Govt takes steps to improve cyber security future

Friday 13 December 2013

The government is taking steps to improve its cyber security capabilities, identifying that the public sector could suffer a skills shortfall over the next decade if action isn't taken.

Ministers are now leading a recruitment drive for computer scientists and hackers, The Guardian reported.

Cabinet office minister Francis Maude said: "We need to sustain and grow the capabilities of UK cybersecurity, and it is now vital we ensure that we have young talent coming through our education system and the workplace."

In a bid to achieve this the government is funding apprenticeships and trainee schemes, including one at GCHQ.

An initiative has also been launched to identify and encourage talented children. A hacking competition has been extended to schools across the country and budding computer scientists are no doubt to be unearthed.

"While the online world has grown exponentially over the last few years, our education system hasn't kept pace," Mr Maude told The Guardian.

"We have to avoid a gap in the UK's cyber defences in the years to come. There will never be a moment when we dare to say 'we are there'. This will always be a work in progress," he added.

Contractors are likely to have to step into the breach, while Mr Maude has already admitted that GCHQ is having to look to small and medium-sized businesses to recruit staff.

Ernst & Young's 16th Global Information Security Survey has also identified a demand for security skills.

Research found 83 per cent of businesses are currently unhappy with their level of protection from cyber attacks, while 93 per cent planned to maintain or increase their spend in this area going forward.

What's more, just under a third of firms saying the number of security incidents in their company has risen by at least five per cent in the last year.

Businesses are certainly waking up to the risk cyber threats pose. According to Ernst & Young, most organisations recognise the extent and depth of the threats they face and for nearly three-quarters of those surveyed, information security policies are now owned at the highest level.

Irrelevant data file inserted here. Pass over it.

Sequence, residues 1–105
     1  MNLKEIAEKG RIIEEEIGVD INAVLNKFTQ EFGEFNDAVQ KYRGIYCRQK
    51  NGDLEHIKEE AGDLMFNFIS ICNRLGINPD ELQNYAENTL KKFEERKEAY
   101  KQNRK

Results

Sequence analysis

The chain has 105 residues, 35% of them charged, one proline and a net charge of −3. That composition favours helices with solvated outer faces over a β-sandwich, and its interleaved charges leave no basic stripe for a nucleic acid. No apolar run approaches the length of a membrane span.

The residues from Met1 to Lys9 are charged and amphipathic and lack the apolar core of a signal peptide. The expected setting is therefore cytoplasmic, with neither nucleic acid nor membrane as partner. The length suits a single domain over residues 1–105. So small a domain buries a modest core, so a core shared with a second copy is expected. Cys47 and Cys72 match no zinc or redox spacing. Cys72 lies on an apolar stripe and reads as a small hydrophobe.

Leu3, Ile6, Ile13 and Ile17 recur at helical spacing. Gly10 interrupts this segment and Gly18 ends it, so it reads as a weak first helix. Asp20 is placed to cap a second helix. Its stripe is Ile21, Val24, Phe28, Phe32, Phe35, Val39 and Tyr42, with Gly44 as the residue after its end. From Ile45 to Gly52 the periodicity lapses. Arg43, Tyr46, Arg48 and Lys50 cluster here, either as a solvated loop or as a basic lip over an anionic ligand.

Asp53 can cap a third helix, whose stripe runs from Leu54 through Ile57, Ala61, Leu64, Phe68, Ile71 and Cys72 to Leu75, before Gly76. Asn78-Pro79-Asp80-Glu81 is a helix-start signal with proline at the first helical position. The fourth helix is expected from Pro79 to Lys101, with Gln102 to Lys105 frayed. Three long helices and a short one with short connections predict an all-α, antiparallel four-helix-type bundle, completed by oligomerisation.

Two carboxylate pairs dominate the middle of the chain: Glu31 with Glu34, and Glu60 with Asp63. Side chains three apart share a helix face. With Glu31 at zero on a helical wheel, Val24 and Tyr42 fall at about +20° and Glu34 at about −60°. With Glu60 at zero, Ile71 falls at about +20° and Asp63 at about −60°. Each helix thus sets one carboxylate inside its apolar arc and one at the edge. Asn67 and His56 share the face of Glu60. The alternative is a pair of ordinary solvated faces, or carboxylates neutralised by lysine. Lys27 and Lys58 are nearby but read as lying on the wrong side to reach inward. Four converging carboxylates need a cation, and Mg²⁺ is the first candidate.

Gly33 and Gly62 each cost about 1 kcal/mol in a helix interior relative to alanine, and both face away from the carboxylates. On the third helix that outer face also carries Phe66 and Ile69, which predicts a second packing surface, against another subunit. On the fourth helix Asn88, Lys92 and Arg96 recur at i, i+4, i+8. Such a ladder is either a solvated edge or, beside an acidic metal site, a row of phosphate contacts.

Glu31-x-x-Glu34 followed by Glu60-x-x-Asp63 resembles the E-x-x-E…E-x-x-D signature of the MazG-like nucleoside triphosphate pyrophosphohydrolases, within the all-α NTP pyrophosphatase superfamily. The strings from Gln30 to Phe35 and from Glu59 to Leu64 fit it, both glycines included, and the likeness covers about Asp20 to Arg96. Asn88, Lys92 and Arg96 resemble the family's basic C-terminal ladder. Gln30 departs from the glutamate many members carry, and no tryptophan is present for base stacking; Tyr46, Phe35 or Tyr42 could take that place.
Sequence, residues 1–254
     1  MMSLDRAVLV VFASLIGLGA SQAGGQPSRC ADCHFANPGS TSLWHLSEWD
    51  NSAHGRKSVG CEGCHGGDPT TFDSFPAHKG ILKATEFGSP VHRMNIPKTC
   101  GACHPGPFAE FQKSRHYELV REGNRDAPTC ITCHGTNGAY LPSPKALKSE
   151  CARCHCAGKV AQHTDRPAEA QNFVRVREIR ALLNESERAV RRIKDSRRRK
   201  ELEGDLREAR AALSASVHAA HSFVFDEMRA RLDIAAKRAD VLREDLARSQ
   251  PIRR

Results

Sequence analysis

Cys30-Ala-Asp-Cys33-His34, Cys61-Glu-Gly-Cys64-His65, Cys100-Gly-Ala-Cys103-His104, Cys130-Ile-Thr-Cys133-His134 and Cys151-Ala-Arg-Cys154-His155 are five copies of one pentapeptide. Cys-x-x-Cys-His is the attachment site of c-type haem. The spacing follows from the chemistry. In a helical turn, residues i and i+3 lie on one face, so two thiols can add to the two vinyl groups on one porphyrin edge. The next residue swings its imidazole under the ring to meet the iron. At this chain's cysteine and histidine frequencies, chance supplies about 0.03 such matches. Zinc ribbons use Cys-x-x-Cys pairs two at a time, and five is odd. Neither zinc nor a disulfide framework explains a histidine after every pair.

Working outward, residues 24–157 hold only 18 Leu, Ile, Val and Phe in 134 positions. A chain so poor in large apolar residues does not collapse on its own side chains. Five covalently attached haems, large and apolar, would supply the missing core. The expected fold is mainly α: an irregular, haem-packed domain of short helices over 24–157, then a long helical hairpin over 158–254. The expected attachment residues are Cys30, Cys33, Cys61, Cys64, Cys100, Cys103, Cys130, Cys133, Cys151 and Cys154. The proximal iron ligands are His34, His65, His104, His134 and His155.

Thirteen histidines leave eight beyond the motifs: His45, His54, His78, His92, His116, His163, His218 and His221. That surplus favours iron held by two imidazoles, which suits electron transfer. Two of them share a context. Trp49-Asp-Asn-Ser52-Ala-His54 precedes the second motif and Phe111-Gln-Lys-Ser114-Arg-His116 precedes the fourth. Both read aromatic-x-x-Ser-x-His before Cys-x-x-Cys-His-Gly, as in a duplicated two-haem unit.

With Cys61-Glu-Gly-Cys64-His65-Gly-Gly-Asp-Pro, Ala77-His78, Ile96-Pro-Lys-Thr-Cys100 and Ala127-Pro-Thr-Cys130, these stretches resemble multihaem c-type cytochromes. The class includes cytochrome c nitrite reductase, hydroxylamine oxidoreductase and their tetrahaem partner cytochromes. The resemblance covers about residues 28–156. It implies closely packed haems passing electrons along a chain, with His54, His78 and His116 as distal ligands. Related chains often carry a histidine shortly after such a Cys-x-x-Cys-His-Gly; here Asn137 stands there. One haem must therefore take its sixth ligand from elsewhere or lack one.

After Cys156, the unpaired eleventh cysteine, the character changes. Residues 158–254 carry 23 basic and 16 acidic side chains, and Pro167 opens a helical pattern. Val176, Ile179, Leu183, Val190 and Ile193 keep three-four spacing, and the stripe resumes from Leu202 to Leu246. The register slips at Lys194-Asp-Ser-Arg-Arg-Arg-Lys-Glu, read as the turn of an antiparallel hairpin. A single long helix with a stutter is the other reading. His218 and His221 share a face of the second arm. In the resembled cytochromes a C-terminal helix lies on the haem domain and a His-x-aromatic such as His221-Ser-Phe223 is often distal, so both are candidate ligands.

Indeed, in ten per cent of companies, the information security function reports directly to the chief executive officer.

Information security professionals in 35 per cent of businesses surveyed present to the board and those at the top of the governing structure on a quarterly basis. Just over one in ten also report monthly.

"Data protection is no longer being treated as another line item in a contract or something that organisations simply assume third parties do," Ernst & Young identified in their report.

"Three-quarters of respondents indicate that their organisations mandate self-assessments, or commission an independent external assessment, of the information security measures performed by external partners, vendors or contractors who have access to their data."

Despite this, many of those surveyed said they didn't have the skilled resources they need to properly tackle cyber security.

Additionally, in many companies, configuration and processes aren't adapted properly to the modern environment. Contractors can be indispensable in getting a firm's security infrastructure up to speed.


By Victoria McDonnell

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